“Yes. A good morning indeed, Mr Hadebe,” Priest responds in a grim tone and the principal realises that one way or the other, he has displeased the gods.

     It pains the principal to consider what wrong he may have done. He can find no answer. He feels like someone who was too drunk the previous day to remember what wrong he may have committed. He soon realises that whatever the fault is, the only way to find it out is by asking Priest.

      “Can I help you, Father Gumede?”

     Priest is still busy trying to organise his words. There is too much to say and last night he did not sleep for trying to rehearse his speech. Now all his words have deserted him. But prepared or not prepared, he has to speak: “There is too much crime and unemployment is rife in this country. Why should common people suffer like this when those on top have everything? Hhe?”

     The noise the children are making, the teachers loitering around not doing their work, all come between the two of them. The principal is frightened. His weak mind seems to have stopped working. But his memory is better, so he still recalls what Priest has said. “Yes, that is true. There is too much crime and many people are without employment.” He feels inferior as he speaks.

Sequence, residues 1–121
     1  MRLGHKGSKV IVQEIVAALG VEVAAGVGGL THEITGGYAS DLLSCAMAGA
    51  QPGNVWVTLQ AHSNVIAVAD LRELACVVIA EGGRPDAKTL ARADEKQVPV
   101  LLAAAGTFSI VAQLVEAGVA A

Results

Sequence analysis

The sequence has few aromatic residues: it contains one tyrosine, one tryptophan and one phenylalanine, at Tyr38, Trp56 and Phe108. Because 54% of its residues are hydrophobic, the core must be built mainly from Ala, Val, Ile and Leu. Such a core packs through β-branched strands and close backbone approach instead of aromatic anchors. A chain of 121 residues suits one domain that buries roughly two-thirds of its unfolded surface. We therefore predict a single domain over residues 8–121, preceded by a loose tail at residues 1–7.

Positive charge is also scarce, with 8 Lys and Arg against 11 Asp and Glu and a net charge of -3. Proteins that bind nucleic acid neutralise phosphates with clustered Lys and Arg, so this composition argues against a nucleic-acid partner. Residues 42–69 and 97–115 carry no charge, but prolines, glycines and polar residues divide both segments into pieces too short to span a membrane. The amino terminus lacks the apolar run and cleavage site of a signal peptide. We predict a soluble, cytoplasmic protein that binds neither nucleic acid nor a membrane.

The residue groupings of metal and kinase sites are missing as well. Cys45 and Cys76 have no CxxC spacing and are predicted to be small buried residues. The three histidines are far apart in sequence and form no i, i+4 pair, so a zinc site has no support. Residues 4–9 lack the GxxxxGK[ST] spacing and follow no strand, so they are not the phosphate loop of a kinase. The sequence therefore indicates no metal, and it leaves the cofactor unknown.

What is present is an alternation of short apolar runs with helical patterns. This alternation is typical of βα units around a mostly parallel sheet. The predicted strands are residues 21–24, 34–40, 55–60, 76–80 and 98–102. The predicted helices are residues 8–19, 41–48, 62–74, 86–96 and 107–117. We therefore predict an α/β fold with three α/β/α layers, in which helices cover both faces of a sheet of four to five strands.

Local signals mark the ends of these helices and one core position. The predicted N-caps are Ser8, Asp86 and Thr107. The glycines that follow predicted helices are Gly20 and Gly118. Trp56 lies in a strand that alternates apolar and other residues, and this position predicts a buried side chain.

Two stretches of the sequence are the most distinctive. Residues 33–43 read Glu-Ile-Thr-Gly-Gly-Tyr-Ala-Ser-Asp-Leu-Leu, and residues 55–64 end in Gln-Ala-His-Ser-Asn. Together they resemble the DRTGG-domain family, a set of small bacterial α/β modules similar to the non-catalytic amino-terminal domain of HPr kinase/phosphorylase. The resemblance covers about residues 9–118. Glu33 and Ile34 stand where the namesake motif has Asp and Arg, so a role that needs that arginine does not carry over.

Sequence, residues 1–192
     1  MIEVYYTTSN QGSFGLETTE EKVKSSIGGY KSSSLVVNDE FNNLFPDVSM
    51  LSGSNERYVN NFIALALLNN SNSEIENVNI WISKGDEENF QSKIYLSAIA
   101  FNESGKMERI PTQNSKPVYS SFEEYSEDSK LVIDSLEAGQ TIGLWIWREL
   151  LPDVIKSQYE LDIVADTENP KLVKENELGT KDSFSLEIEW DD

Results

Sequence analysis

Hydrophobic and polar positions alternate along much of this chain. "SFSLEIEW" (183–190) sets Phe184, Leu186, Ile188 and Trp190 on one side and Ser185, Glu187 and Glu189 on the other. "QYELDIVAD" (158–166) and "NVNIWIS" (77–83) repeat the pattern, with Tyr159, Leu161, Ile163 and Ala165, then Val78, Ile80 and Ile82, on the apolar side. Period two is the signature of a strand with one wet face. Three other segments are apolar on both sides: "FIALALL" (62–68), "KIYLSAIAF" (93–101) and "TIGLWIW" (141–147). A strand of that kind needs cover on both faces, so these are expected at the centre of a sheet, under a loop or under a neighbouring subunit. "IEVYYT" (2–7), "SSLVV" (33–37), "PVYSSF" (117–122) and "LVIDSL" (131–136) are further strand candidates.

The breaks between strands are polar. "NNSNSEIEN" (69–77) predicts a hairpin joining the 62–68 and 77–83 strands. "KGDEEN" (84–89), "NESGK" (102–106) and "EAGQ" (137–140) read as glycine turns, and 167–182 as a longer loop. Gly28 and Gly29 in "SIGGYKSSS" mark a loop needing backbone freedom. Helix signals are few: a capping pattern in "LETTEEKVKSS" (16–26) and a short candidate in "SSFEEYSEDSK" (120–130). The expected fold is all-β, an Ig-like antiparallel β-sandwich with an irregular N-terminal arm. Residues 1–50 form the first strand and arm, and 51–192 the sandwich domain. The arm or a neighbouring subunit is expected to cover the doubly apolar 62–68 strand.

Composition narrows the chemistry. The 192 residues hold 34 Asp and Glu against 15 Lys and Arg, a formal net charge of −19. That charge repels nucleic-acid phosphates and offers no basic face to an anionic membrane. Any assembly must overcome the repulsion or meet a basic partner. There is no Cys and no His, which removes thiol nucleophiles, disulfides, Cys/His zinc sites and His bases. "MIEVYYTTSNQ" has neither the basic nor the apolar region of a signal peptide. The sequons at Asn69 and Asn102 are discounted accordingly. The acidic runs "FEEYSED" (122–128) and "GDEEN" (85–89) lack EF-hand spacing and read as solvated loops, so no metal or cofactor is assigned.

“I happen to be one of those who are unemployed,” Priest says triumphantly, as if being unemployed is the best thing that can befall any human being.

      “Yes. Let’s hope things will change for the better. It can’t go on like this.”

      “This is not a matter of hope, Principal.” Priest’s voice is high. “It is too serious. Maybe you do not know that, because you are working and have money to take care of your family and yourself.”

     Priest’s words hurt the principal. It is true: he has a good job and is able to support his family. He also knows that leading a healthy life among people who do not is sometimes viewed as some kind of weakness or betrayal. But what is he supposed to do? Must he quit his job and add to the statistics?